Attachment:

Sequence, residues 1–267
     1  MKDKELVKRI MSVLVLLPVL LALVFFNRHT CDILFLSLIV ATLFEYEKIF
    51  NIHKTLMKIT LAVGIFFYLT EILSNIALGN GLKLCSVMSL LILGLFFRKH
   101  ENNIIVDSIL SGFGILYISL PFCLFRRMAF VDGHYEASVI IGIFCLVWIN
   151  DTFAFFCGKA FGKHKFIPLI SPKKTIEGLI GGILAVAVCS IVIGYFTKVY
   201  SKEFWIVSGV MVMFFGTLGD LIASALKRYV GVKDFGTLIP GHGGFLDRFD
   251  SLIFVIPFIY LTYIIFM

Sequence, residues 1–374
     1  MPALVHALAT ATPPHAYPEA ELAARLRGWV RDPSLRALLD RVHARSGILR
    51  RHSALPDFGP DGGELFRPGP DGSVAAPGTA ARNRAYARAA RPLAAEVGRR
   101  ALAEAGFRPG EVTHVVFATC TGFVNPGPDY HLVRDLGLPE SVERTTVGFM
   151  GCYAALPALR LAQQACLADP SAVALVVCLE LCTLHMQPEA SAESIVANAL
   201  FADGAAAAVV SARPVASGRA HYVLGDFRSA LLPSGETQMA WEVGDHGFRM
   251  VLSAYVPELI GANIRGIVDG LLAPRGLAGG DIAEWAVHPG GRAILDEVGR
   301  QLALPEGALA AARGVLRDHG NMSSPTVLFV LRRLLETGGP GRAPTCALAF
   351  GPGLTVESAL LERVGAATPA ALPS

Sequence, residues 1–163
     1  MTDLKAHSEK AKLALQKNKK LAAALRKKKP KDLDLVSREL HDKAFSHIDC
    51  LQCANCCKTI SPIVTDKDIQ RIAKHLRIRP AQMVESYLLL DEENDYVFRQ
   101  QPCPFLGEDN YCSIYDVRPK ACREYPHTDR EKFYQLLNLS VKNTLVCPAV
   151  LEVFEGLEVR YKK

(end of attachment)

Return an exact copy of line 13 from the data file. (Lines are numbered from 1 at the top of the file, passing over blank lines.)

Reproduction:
   201  FADGAAAAVV SARPVASGRA HYVLGDFRSA LLPSGETQMA WEVGDHGFRM